CopenHill

BIG’s CopenHill integrates recreational space with energy infrastructure

CopenHill

BIG’s CopenHill integrates recreational space with energy infrastructure

CopenHill is a waste-to-energy power plant by Bjarke Ingels Group (BIG) that doubles up as an urban landmark. It serves as a recreational space for Copenhageners and a habitat for flora and fauna in the region.

For Denmark’s capital, it is also a step toward becoming the world’s first carbon-neutral city by 2025.

This 41,000 m² project, completed in 2019, replaces a 50-year-old energy plant. Located on the island of Amager in Copenhagen, the new structure is conceived as an ‘urban mountain’, rising 85 m from ground to apex.


CopenHill, also known as Amager Bakke, is situated on the industrial waterfront of Amager, Denmark’s most densely-populated island in Copenhagen.
© Laurian Ghinitoiu / BIG

The project reflects BIG’s idea of “hedonistic sustainability” which frames a sustainable building as one that is accessible and enjoyable, in addition to being environmentally sound.

Bjarke Ingels, the firm’s co-founder, argues that form is a way of engineering performance and elevating user experience. In CopenHill, the pyramidal shape befits the functional configuration of the equipment it holds within, while its facade and roof land their surface to a climbing wall, hiking trails and its signature ski slope.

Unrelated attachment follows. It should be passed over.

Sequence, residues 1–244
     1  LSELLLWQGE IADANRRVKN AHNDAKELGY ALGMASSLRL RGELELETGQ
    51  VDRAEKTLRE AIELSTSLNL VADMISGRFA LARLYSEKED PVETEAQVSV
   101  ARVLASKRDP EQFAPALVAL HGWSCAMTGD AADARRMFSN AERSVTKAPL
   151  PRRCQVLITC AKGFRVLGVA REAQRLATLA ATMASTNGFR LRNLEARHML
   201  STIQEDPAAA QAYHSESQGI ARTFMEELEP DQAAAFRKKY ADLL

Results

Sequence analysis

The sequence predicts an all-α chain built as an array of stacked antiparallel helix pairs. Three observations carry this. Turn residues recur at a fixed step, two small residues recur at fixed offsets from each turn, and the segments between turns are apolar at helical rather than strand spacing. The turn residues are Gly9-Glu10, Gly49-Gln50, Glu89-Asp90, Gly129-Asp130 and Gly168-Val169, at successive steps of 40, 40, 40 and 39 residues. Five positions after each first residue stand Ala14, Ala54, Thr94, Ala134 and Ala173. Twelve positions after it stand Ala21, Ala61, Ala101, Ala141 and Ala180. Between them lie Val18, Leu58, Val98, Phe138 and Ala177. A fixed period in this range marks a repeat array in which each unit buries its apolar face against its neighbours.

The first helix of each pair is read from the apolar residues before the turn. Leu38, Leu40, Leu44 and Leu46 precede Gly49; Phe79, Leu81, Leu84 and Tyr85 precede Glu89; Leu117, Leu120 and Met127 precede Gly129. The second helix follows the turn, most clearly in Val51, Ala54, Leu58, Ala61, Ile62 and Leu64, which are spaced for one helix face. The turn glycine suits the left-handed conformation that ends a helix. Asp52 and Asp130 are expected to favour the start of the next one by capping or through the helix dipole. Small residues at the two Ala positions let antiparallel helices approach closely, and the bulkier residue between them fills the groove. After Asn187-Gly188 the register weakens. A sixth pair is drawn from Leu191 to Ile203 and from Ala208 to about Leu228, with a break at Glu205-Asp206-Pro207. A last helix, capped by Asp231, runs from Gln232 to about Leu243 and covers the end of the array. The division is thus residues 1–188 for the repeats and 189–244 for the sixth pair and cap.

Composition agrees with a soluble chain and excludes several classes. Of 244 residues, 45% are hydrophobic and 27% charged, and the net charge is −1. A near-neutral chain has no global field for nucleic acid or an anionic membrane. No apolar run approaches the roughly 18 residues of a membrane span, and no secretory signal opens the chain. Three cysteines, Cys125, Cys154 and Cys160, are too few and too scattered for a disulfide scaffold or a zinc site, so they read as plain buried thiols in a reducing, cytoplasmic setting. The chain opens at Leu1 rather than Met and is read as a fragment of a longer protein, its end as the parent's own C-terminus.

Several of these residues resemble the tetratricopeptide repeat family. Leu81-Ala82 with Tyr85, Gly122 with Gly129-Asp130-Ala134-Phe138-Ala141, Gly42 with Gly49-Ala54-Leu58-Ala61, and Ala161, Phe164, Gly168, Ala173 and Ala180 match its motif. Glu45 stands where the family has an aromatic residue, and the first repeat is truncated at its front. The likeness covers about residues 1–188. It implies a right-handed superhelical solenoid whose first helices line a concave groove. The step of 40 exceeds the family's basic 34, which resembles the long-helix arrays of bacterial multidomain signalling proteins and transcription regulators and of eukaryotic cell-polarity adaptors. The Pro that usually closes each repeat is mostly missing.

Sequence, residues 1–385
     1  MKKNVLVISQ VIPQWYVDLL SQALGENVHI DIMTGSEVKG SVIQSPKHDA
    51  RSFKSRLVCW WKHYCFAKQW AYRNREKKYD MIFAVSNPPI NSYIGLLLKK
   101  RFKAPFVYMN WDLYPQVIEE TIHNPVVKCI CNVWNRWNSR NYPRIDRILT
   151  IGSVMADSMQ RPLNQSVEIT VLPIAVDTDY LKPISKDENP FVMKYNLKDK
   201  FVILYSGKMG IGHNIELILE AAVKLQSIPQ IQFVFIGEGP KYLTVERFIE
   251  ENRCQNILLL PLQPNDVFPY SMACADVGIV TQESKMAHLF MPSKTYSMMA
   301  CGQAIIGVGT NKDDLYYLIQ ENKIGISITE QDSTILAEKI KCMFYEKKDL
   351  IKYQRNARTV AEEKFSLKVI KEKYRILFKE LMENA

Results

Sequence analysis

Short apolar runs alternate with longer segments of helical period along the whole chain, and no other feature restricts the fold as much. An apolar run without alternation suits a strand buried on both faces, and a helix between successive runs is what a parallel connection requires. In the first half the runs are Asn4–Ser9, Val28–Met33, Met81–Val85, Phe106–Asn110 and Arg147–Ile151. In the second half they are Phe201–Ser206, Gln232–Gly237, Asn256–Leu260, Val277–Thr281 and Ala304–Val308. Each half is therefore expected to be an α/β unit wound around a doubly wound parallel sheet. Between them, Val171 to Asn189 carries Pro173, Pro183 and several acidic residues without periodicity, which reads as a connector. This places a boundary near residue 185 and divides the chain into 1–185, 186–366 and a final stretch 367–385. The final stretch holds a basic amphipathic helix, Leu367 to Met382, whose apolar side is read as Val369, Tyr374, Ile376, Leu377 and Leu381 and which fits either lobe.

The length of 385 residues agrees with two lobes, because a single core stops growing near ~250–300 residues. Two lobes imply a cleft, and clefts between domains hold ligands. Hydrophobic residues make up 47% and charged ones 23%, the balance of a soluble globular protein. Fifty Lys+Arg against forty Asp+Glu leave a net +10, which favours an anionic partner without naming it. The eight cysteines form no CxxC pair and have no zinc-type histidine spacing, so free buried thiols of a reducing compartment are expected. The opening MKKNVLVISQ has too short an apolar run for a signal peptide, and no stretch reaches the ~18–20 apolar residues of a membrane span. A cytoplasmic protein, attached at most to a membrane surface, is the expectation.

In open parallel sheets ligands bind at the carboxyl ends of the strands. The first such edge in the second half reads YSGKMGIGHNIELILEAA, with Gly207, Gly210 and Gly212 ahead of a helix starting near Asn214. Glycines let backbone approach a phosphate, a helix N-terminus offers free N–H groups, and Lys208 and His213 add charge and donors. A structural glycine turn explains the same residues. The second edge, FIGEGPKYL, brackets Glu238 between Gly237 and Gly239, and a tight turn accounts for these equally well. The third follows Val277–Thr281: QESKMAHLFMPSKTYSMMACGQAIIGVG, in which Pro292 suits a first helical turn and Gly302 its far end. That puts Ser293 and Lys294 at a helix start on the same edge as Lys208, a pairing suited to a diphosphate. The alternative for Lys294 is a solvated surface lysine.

The roof also supports recreating activities such as hiking and skiing.
© Rasmus Hjortshøj / BIG

A detailed section of CopenHill’s interior showcases the energy equipment it holds internally and the landscape of its sloping green roof.
© BIG
A biodiverse roofscape for urban recreation

The early concept diagram showed the placement of elements for optimal efficiency of thermal processes. The resulting stacked arrangement of equipment required a large sloping roof.

Part of this roof is lined with a synthetic turf known as Neveplast, which has a friction factor equal to snow. It is flanked by 490 m of hiking and running trail lined with trees.


The ski slope is as long as an Olympic half pipe and the entire green roof occupies an area of 10,000 m².
© Rasmus Hjortshøj / BIG

The ski slope atop the facility is a haven for local vegetation to flourish, accommodating hundreds of plant species.
© Rasmus Hjortshøj / BIG

The facility hosts a ski slope on its roof which is open all year round.
© Rasmus Hjortshøj / BIG

The roof is covered with 10,000 m² of greenery, on the edge of the ski slope. This is home to a thriving landscape of local flora, which attracts birds and insects. Designed in collaboration with SLA Architects, this surface of the roof absorbs heat, filters the air and minimises water run-off.


On the building’s roof, visitors can hike along a 490-m landscaped trail, which incorporates various indigenous plants.
© Laurian Ghinitoiu / BIG
Transcending paradigms in clean energy production

The building contains ten floors of administrative space and a 600 m² education centre for academic tours, workshops and sustainability conferences.